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WSJ investigation finds 131 federal judges “guilty” of violating US laws and judicial ethics

WSJ investigation finds 131 federal judges “guilty” of violating US laws and judicial ethics

(Natural News) An investigative report published by the Wall Street Journal (WSJ) has revealed that 131 federal judges violated U.S. laws and judicial ethics by overseeing court cases involving companies in which they or their family owned stocks.

Since 1974, federal law has required judges to be knowledgeable about their financial interests and the interests of their spouses or children. The judges cited in the report have not made the proper disclosures and often netted thousands of dollars as a result of ruling favorably for large corporations in which they own stocks.

The WSJ has reviewed financial disclosure forms filed annually for 2010 through 2018 by roughly 700 federal judges who reported holding individual stocks of large companies and then compared those holdings to tens of thousands of court dockets in civil cases.

They found that 129 federal district judges and two federal appellate judges had at least one case in which stock they or their family owned was a plaintiff or defendant.

Amount doesn’t matter

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The stockholdings of those judges have exceeded $15,000 in 173 cases and $50,000 in 21 of those cases – although the amounts don’t matter under the law.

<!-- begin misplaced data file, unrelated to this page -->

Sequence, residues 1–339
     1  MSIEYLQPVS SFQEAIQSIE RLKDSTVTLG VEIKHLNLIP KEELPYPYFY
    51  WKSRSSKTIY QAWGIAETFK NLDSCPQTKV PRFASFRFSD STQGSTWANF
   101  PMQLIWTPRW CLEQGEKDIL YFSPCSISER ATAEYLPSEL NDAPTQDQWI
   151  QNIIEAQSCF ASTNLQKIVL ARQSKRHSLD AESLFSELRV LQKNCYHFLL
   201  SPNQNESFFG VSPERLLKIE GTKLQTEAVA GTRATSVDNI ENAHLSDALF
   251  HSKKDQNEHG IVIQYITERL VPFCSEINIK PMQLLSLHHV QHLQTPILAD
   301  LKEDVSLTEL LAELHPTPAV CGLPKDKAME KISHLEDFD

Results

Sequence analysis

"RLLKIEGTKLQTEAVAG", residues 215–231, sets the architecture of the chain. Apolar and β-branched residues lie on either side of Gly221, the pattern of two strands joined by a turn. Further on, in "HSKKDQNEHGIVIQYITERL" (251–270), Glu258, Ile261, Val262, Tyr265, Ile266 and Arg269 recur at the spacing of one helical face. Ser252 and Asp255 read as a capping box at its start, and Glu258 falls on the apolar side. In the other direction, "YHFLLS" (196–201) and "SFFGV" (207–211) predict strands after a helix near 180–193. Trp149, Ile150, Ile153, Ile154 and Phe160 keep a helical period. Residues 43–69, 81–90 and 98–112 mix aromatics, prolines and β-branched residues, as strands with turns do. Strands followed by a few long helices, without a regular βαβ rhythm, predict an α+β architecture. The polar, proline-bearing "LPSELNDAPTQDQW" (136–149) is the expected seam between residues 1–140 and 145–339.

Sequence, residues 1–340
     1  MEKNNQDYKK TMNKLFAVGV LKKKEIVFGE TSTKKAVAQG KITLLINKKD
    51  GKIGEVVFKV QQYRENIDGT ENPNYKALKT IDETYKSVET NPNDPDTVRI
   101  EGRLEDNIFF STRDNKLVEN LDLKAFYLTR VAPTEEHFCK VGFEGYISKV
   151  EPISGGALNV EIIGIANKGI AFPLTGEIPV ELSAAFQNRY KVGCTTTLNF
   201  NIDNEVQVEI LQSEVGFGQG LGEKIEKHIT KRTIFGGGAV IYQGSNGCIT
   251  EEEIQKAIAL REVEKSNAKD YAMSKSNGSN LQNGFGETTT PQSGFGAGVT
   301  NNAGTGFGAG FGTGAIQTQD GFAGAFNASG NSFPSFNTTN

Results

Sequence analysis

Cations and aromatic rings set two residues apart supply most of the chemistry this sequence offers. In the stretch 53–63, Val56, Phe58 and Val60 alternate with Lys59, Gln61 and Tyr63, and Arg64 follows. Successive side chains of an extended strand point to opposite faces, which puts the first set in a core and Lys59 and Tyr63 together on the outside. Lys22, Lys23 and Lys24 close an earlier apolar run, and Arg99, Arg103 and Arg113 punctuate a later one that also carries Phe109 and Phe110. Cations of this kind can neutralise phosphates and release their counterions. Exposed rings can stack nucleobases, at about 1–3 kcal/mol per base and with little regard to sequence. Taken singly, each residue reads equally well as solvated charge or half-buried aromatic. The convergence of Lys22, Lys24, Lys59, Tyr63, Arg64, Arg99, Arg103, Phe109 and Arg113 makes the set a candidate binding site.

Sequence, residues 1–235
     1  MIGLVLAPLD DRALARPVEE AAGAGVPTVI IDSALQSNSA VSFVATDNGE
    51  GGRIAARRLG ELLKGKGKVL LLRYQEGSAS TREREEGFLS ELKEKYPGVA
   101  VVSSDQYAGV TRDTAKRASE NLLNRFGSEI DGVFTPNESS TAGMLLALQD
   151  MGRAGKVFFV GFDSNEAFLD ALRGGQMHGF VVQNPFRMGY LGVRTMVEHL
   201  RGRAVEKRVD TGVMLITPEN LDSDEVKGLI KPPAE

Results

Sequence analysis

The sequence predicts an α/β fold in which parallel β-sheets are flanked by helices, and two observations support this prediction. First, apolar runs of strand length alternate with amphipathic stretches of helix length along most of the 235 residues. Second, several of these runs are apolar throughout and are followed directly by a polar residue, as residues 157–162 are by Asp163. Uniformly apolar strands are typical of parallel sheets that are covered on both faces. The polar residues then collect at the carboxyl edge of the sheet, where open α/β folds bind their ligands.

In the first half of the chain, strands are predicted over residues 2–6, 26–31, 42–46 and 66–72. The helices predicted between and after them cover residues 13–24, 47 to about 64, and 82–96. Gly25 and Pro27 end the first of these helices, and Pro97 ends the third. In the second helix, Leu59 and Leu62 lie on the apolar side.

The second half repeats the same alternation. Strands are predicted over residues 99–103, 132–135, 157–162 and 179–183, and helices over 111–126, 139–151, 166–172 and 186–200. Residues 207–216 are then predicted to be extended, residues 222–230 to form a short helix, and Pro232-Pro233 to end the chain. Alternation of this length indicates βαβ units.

The ethics code for federal judges “requires recusal when a judge has a financial conflict, regardless of the substance of the judge’s actual involvement in the case,” the Judicial Conference’s Committee on Codes of Conduct wrote in a letter to a judge earlier this month.

Overall, the WSJ has examined 685 lawsuits in which federal judges had a financial stake in the outcome yet failed to recuse themselves. The fallout could be hundreds of cases being overruled.

Perhaps by design, those judges offer some of the lamest excuses about their violations.

“I dropped the ball,” says Judge Lewis Babcock of the District Court of Colorado when asked about his recusal violation.

Babcock has simply blamed flawed internal procedures. He has owned thousands of dollars in Comcast stock and has overruled a lawsuit against the company. Comcast is the parent company of NBC News.